My last class of the day was a computer science section, and I walked out of Barrows Hall into the darkness. I hadn’t had dinner yet, and decided to head towards Telegraph Avenue, breathing on my hands to warm them.
There, on Sproul Plaza, was a lone figure. He introduced himself as Huineng, the last Patriarch of Chan Buddhism. We talked about class, and apparently he knew Python, so I thought, OK, I’ll ask him for help on this particular problem.
He told me that he was illiterate, but that he would like me to read it to him. Confused, I asked him how he could possibly know how to code without knowing how to read.
He smiled, and pointed to the sky.
“The finger that points at the moon is not the moon.”
You might have figured out that this story is complete bullshit. After all, Huineng passed away in the early 700s, and everyone knows that computer science only became a legitimate field at least … like, 200 years after that.
But it doesn’t matter whether the story is true or not. The words are not the moon.
The essence is not found in the words of description, nor is the essence found in the explanation. The essence is what it is, and nothing more.
Fast forward to millennia later — a friend and I were talking, and he asked me how I identified. It should have been clear to me what he was asking, but for some reason I was taken aback.
“You know, like sexuality.”
Oh. That’s a fair question.
But in the back of my mind, I wondered. What is it about attraction that defines who I am? Does this mean I also identify as someone who likes pasta? I know, it’s a bit of an invalid comparison. The queer community has culture and ideas coursing throughout its history, and pasta-eaters have … shared restaurant experiences, I suppose. But to identify with my sexuality seems to me that I am stating that my sexuality is an integral part of who I am.
Even to speak about my ethnicity, to say that I identify as an Asian American, seems like I’m passing over every single person’s nuances and personal experiences and cultures and families and stories and beliefs and histories, and all of that is just … Asian American. And all of that is me.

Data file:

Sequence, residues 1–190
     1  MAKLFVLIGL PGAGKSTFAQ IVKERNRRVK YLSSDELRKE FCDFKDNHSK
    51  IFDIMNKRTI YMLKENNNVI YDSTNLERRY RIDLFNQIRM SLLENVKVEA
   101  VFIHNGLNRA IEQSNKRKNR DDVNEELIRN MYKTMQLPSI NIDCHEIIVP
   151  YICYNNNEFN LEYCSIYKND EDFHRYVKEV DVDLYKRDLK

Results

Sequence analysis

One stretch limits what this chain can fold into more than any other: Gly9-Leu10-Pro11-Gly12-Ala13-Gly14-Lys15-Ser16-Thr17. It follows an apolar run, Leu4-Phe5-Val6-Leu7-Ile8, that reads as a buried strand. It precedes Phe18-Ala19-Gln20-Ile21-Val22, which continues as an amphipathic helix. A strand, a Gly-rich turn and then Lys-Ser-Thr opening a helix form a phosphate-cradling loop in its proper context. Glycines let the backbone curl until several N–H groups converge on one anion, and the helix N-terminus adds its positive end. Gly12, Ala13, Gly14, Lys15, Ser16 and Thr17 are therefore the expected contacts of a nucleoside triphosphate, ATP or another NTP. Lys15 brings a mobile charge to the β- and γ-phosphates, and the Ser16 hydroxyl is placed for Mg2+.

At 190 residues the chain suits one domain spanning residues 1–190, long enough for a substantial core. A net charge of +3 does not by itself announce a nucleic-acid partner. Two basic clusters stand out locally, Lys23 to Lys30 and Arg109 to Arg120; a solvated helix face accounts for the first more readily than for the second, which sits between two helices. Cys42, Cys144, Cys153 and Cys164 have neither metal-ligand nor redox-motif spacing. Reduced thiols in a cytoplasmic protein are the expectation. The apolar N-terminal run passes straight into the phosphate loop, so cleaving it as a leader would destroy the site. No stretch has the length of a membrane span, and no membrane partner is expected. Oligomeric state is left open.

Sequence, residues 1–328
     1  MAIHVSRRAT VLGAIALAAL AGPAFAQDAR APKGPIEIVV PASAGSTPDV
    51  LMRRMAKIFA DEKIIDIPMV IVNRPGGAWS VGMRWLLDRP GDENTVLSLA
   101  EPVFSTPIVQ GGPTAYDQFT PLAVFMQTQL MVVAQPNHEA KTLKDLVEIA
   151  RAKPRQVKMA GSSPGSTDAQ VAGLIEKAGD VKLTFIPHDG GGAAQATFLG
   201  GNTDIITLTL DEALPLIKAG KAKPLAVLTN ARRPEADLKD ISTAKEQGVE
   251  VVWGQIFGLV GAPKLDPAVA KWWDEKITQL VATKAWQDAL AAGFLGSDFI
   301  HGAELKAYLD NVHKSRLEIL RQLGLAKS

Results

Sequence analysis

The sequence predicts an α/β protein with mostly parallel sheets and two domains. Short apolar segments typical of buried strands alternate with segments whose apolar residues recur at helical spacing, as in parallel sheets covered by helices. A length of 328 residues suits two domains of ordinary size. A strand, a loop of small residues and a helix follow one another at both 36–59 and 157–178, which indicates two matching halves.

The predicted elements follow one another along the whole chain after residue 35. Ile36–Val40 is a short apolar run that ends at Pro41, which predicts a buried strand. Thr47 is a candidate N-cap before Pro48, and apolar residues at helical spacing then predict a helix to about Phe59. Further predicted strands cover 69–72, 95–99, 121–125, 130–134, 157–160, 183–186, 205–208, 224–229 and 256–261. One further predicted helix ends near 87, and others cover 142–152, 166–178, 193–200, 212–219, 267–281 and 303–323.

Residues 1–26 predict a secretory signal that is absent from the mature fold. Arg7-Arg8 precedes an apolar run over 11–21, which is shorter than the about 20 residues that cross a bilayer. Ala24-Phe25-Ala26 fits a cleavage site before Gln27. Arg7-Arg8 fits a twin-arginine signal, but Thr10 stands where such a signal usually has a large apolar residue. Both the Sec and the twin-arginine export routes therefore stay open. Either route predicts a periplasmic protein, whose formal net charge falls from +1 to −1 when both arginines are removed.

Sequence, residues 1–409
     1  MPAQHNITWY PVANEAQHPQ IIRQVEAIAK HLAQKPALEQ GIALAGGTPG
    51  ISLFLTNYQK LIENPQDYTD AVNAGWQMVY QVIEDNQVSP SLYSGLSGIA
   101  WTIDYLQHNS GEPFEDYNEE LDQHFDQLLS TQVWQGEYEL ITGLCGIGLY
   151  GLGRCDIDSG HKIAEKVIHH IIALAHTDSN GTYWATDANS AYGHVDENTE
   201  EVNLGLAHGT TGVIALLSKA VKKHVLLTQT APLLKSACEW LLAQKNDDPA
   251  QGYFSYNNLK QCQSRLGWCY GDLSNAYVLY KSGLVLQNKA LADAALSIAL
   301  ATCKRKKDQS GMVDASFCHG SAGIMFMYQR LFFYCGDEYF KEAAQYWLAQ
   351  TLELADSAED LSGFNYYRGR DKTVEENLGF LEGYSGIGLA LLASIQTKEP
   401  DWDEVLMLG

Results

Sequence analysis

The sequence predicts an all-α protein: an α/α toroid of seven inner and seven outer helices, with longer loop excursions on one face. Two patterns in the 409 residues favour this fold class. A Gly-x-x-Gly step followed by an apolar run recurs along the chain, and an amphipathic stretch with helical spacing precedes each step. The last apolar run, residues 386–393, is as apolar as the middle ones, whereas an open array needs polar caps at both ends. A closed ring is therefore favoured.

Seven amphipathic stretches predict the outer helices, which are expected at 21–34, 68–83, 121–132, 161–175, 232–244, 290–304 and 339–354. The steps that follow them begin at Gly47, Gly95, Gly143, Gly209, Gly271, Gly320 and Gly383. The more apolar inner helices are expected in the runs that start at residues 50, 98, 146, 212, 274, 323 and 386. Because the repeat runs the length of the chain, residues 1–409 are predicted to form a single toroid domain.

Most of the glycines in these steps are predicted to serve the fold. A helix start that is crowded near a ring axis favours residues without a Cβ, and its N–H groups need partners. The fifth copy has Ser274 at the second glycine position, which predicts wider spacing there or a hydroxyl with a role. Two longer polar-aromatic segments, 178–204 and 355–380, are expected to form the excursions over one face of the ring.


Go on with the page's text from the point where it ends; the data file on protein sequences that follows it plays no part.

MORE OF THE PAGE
When I throw my life into that vast ocean, everyone else’s lives are superimposed onto mine, and I begin to drown. I get caught in the current of the majority, and it’s not easy to push against it.
I feel uncomfortable labeling myself because it feels like a perceived entanglement of social norms when I assign part of my identity to that label. And if my labels and someone else’s labels are at odds, then I guess I am “us” and they are “them.” Maybe it isn’t outright conflict. But with every shared identity comes an otherness delegated to the outside, a nagging exclusion at the back of my mind.
But it seems natural for people to categorize themselves that way because these communities are undeniably influential in how we act and think, and how we impact other people. Why is that? It seems like the most natural thing in the world to meet someone who is Korean American and to feel a small spark of familiarity — to feel closer to someone because of shared experiences that feel unique.
To say my shared experiences are who I am is to say that my identity is based on mutual tradition or activism, rather than those experiences acting as a way for me to understand myself more intimately. Like I’m being outsourced to a group that shifts and changes and takes me along for the ride.
Being a member of queer or Asian communities is something that I value and love. But I view the relationship between my identity and my communities as one of coexistence, rather than one consuming the other. I don’t think of just a few words when I follow in the footsteps of Jackie Chan, Jean Valjean, and Mewtwo — when I ask myself, “Who am I?”
I think of a brilliant and infinitely colorful explosion of thought and emotion. Who I am is the people I love, the things that I cherish, the pasta that, to clarify, I’m not sexually attracted to.
The finger that points at the moon is not the moon.
Louis Lee writes the Wednesday column on what you just read. Contact them at [email protected].